Eczema’s a common skin condition, often dry or itchy on the hands or in the crook of the elbow. I have a severe case, and it has effected many areas of my life, especially a child. The cold causes my skin to crack open on the knuckles and sides of my hands, and when they stop bleeding, my skin is still open. I often couldn’t play in the snow or use certain soaps because it would sting (Imagine having to clean a wound with something alcohol based).
I used to despise my skin, envious of hands that were soft to the touch, and I would pray that God would heal me. But today, I realize that God taught me a lot through it. These are 3 things God taught me through eczema.
- Don’t Judge Others By Their Skin or Appearance
Growing up with a skin condition, I learned others may assume things when they see my hands. I’ve been accused of cutting myself for attention whenever my hands would randomly start to bleed. Other students would run from me, assuming it was contagious. Because of this, I developed early on that just because someone has a scar or a visible condition, doesn’t mean they should be avoided or that I should assume things about them.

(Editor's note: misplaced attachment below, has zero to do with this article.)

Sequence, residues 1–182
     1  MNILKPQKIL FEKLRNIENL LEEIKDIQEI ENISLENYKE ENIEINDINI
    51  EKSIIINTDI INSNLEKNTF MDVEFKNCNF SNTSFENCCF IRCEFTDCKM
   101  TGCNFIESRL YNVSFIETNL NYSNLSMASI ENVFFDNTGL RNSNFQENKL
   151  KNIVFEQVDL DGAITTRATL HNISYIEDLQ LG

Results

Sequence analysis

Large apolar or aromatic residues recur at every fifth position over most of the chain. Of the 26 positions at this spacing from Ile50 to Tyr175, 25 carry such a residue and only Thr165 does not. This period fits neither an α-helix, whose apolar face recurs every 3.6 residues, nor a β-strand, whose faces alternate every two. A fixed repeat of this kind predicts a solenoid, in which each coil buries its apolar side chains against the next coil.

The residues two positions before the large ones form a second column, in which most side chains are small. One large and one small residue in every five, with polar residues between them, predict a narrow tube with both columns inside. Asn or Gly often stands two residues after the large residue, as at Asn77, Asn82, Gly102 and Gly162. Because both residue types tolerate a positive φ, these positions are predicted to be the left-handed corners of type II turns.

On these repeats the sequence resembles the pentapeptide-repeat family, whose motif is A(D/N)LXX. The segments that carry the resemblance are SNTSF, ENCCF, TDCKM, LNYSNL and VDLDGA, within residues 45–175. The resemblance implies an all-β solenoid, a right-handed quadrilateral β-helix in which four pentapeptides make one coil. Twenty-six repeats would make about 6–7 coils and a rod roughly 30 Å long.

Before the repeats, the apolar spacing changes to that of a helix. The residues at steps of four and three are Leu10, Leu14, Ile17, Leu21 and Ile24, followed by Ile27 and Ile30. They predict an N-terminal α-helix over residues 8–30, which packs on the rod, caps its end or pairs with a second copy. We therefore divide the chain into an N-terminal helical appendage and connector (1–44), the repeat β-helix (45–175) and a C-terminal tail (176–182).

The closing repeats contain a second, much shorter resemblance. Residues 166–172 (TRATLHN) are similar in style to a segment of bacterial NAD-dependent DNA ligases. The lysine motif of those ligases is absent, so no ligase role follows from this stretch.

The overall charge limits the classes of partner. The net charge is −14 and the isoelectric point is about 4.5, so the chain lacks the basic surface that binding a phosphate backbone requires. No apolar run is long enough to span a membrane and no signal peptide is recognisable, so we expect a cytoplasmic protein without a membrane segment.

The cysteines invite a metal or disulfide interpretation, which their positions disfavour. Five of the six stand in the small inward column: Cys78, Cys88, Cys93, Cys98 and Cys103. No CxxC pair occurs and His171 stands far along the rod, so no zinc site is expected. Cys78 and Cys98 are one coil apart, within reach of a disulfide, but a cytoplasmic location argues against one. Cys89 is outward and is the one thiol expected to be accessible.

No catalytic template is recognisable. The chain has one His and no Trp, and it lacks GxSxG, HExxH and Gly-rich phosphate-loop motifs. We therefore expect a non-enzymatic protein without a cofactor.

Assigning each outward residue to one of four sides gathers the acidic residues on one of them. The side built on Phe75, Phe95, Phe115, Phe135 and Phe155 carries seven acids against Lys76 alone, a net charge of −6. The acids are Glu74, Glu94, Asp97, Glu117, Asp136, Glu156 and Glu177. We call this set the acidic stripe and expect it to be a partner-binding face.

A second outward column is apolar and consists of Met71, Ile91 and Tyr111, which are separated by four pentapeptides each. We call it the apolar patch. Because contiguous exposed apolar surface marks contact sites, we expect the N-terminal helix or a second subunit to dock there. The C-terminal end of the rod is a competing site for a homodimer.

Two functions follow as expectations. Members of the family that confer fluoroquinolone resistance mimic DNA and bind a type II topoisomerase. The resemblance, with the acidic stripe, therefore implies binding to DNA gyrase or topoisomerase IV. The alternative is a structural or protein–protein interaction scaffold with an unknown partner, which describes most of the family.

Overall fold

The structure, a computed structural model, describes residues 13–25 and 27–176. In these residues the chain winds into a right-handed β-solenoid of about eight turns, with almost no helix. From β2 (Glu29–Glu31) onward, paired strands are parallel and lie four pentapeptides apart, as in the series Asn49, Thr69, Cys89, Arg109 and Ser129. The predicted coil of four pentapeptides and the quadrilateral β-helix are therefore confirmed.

2. People Aren’t Always Going To Understand
On top of people assuming I am contagious, I often get dirty looks when I refuse to use Germex or go outside without my gloves. Many people respond to my eczema with, “I have that too, stop being so dramatic.” Lots of people have eczema, dry skin on the hands. Every case of eczema is different and can’t always be solved with a dab of lotion. I know now that not everyone will understand me, no matter how much I explain.
3. I Will Never Be “Normal”, No Matter How Much Work I Put Into It.
I have always wanted to have “normal skin”. There is only one way I know to make my hands feel close to “Normal”. First, I have to do my wax treatment at night, where I dip my hands in melted wax 5 times and let it harden around my skin for 5 minutes. Then, after peeling the wax off, I put on my prescription creme from my doctor on my hands before bed and wear gloves to keep it on. The next day, I have to put on a Norwegian formula of lotion throughout the day. It’s a lot of work, and it’s never perfect. This was one of the many things that taught me that no matter how hard I try, I’ll never be like everyone else. I’m unique the way I am.